Goodreads ~ Established in 1876, Mount Pleasant Cemetery has a rich and textured history. It is the keeper of thousands of stories, each of which has contributed to the history of our city, province, and country.
Many of Canada's most beloved figures rest there - William Lyon Mackenzie King, Foster Hewitt, Glenn Gould, and Timothy Eaton are just a few. Other, less known historical figures are buried there also - the first Canadian soldier killed in First World War and victims of the 1949 Noronic disaster.
Along with a fascinating account of the cemetery's history, this illustrated guide includes descriptions of the remarkable monuments and the beautiful horticultural features. Accompanying maps detailing their locations make this book a perfect companion for a walking tour through the grounds.
Mount Pleasant Cemetery is here in Toronto near where I work. In the early 19th century, the only authorized cemeteries within the city of Toronto (then known as York) were limited to the members of either the Roman Catholic Church or the Church of England. Deceased citizens who didn't belong to either of these Christian denominations had no choice but to find burial arrangements outside of the city.
In 1873, a new cemetery available to all citizens was conceived. Originally a 200-acre farm on the far outskirts of Toronto (it's now in the centre of the city), Mount Pleasant Cemetery opened November 1876. It was designated a National Historic Site of Canada in 2000.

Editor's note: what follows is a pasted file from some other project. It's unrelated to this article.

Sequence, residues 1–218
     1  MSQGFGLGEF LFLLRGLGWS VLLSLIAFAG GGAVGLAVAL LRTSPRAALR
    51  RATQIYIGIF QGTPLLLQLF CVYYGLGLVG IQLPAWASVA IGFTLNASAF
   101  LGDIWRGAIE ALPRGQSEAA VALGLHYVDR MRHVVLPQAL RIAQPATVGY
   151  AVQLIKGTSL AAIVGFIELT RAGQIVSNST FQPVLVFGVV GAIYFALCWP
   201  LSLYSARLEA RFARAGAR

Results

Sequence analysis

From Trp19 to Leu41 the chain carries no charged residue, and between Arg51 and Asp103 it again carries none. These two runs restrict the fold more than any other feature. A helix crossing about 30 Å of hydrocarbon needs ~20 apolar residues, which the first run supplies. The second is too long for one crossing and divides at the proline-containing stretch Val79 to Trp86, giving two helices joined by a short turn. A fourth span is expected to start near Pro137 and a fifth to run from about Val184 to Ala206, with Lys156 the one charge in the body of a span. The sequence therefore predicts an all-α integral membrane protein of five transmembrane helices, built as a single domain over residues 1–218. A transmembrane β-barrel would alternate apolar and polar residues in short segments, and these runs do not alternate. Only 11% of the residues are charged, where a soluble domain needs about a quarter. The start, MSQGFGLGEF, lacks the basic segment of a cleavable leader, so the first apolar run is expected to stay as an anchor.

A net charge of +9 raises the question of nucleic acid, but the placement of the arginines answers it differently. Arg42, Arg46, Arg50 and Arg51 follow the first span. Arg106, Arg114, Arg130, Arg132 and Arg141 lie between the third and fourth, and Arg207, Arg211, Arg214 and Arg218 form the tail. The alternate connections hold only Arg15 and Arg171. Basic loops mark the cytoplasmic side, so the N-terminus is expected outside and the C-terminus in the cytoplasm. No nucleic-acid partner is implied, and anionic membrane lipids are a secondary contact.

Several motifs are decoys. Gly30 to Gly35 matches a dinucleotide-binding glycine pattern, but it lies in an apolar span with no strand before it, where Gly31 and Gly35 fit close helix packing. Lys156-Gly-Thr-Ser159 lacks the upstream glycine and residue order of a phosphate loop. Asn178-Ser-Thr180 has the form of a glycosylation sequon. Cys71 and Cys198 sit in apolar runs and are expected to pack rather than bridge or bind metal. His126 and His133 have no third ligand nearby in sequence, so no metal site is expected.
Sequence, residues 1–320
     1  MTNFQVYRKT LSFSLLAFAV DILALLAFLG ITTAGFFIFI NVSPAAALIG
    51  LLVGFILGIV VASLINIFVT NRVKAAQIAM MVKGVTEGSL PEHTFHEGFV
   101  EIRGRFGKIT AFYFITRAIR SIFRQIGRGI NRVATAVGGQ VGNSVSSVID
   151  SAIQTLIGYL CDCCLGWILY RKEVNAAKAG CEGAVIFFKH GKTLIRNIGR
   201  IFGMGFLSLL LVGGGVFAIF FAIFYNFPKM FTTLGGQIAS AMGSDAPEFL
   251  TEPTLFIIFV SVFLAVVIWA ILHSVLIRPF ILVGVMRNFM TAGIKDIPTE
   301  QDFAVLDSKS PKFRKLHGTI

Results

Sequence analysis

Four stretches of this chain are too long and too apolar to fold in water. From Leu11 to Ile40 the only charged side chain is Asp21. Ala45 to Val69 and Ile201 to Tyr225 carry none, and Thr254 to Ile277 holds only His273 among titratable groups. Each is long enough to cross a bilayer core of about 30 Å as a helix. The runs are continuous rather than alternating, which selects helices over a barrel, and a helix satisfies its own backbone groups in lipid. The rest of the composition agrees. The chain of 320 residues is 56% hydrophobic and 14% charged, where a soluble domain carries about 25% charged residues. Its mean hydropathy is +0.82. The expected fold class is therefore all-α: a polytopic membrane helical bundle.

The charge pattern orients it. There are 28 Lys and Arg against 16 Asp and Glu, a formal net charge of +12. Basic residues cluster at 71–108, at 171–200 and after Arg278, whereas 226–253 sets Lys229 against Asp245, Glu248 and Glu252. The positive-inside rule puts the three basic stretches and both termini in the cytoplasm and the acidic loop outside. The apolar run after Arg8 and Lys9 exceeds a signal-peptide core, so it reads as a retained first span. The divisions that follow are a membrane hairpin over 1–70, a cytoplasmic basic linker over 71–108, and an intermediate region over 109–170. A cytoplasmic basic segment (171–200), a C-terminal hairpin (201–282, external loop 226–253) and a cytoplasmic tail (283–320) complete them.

The book begins with the early history of the cemetery, followed by chapters about the monuments and their histories and the trees and shrubs. What follows are almost 300 stories about some of the people who are buried there (it is the final resting place of more than 168,000 people). They range from the famous to the non-famous ... veterans, survivors of the Titanic, medical personalities, entertainers (Mary Pickford's father is buried there), businessmen, politicians, sports personalities, etc. The stories are bite-sized with info about where the person was born, what they did and where they died. It's a handy guide if you are touring the cemetery.
Though there are pictures of some of the people buried there, it would have been nice to have some pictures of their monuments, gravestones, etc.
Mike Filey had a column in the Toronto Sun for about 30 years and I read it for many years (I like learning about the history of Toronto). I've read a lot of his books about the history of Toronto and have enjoyed them.